Even though UK figures suggest at least 90% of cattle herds have suffered a problem with bovine viral diarrhoea (BVD), recent research shows only 11% of farmers admit they have it on their farm. Even more alarming, more than half of farmers take no specific measures to prevent BVD entering the herd and only 23% vaccinate.
Royal Vet College’s Joe Brownlie told delegates at the BCVA Congress, Southport, that the UK had to work hard to develop a national strategic plan to battle BVD. “Figures from a recent questionnaire sent out to both farmers and vets showed a considerable knowledge gap on the disease, with 35% of vets stating an obvious need for more literature and only 30% of farmers associating diarrhoea and abortion with the disease.”
And with European countries such as Scandinavia and Austria almost clear of BVD and the Netherlands, Belgium, France and Spain rapidly following suit, Prof Brownlie stressed that the UK was being left behind.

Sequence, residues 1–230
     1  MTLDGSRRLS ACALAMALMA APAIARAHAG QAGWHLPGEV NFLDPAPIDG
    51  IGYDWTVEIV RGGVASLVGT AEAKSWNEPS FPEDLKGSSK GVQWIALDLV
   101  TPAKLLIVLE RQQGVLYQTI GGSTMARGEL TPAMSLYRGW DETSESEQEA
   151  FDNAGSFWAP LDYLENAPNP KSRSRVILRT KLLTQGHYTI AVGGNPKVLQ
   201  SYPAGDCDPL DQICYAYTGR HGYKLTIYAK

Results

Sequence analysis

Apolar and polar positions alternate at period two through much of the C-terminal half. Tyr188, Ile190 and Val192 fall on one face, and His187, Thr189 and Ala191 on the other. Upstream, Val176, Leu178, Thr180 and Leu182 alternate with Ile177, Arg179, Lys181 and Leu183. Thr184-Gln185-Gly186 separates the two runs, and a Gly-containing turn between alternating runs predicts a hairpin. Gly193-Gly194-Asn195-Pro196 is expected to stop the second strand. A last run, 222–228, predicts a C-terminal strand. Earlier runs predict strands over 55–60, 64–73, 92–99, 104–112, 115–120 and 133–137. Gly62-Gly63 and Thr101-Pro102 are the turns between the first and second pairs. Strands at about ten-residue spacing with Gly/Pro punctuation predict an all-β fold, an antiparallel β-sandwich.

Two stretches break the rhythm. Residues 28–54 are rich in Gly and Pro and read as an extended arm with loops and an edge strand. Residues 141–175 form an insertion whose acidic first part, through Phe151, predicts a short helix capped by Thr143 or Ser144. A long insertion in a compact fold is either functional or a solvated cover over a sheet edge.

“There are huge export opportunities out there, providing we can tackle the disease and eventually eradicate it,” he said.
“Farmers need more support from vets in understanding BVD, with a greater emphasis on the importance of culling and vaccination. Too many farmers feel it can be eradicated with vaccination alone, which isn’t the case.”
But with pilot eradication programmes set up in East Anglia and Somerset and soon to be introduced in Scotland, the UK had started the process, he said.
“Farmers are beginning to recognise how economically crippling the disease can be to herds and interest in testing and culling is strong in these areas. The next step will be to promote better biosecurity methods between neighbouring farms, create a better understanding of persistently infected [PI] and non-PI cattle and following the history back to cows that have produced PI calves and cull them.”